South Scotland

Two girls swept into sea by waves at Eyemouth

A coastguard ship in Eyemouth
Image caption The two girls were swept into the sea at Eyemouth and had to be rescued

A teenage girl is in a critical but stable condition in hospital after she and another girl were swept into the sea by large waves at Eyemouth in the Scottish Borders.

The pair, aged 13 and 14, were swept off steps at the harbour wall at about 15:30 on Monday.

The younger girl was pulled ashore by members of the public.

Katie MacLean, 14, was pulled to safety by police officers after being knocked unconscious.

She was flown to the Royal Hospital for Sick Children in Edinburgh.

A Lothian and Borders Police spokesman said: "Police were called to the beachfront at Eyemouth following an incident where two teenage girls were swept into the sea by heavy waves.

"The 13-year-old girl suffered no serious injury, however the 14-year-old was airlifted to Edinburgh Royal Infirmary, where she is in a serious condition."

Gail Murdie, 41, from Bonnyrigg, who was enjoying a day out with her three sons and husband in Eyemouth, told the BBC Scotland news website it was like "a nightmare scene out of a film".

She said: "It was terrible, frightening and my son could not get to sleep last night because he kept worrying about the girl.

"I remember three girls with their towels having a great time getting soaked by the waves crashing over the wall.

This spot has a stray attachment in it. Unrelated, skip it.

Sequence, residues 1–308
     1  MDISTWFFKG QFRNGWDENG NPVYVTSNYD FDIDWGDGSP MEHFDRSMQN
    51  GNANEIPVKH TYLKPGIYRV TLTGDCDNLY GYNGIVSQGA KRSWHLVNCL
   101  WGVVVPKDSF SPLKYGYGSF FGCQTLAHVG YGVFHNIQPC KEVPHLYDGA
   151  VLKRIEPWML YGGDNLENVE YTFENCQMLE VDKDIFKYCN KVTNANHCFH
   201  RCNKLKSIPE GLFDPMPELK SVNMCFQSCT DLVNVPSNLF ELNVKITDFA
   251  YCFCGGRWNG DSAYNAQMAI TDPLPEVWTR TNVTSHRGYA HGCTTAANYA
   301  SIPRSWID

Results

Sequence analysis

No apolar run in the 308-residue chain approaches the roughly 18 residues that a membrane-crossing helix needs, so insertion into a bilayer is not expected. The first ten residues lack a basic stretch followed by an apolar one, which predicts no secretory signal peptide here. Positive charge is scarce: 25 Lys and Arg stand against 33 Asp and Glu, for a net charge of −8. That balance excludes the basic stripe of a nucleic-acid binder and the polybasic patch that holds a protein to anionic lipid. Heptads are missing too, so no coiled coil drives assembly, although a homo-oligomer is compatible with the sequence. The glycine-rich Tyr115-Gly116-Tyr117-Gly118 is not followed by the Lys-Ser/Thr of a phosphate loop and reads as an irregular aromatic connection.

Image caption Several passers-by tried to save the young girl from the water

"It was a lovely day but the sea was wild and a big wave even managed to soak us and we were further back than the girls were.

"Then it died down for a wee bit so the girls went down the steps and that's when I heard a woman shout that one of the girls had been swept into the water."

Mrs Murdie's husband David, 37, then held on to a man's legs as he leaned into the sea in a bid to grab the girl.

Mrs Murdie said at first the girl was able to swim but then she just lost energy because she was being "bashed" against the rocks and eventually she was face down in the water.

She said there were a lot of people "all in a panic" throwing in dog leads because there were no safety rings nearby.

Floatation rings

Mr Murdie said: "I'm from Dunbar and flotation rings are easily found there. A few of us were looking for them near the sea wall at Eyemouth, but we couldn't see any.

Image caption Large waves had been crashing against the harbour wall when the girls were caught up

"Somebody got a ratchet strap, something that can be used on a lorry to hold things in place. A couple of us tied a guy to the strap and held the end of the strap whilst he jumped in. Unfortunately, because of the waves he could not reach the girl.

"She wasn't making any noise, she was just trying to swim. She was swimming and then all of a sudden she stopped.

"The poor girl was just being slammed against the wall. The waves knocked her around to the other side of the steps.

"Something really needs to be done about safety in the area in terms of making floatation rings more easily available."

Two policemen then arrived and jumped into the water and a couple of men were dangled over the sea wall.

The policemen managed to get hold of the girl and pass her to the other men.

Mrs Murdie said: "A woman appeared while the emergency services were trying to resuscitate the girl and the woman let out an almighty scream.

"Then a man and another woman appeared and they were in a terrible state so I think they were the girl's parents."

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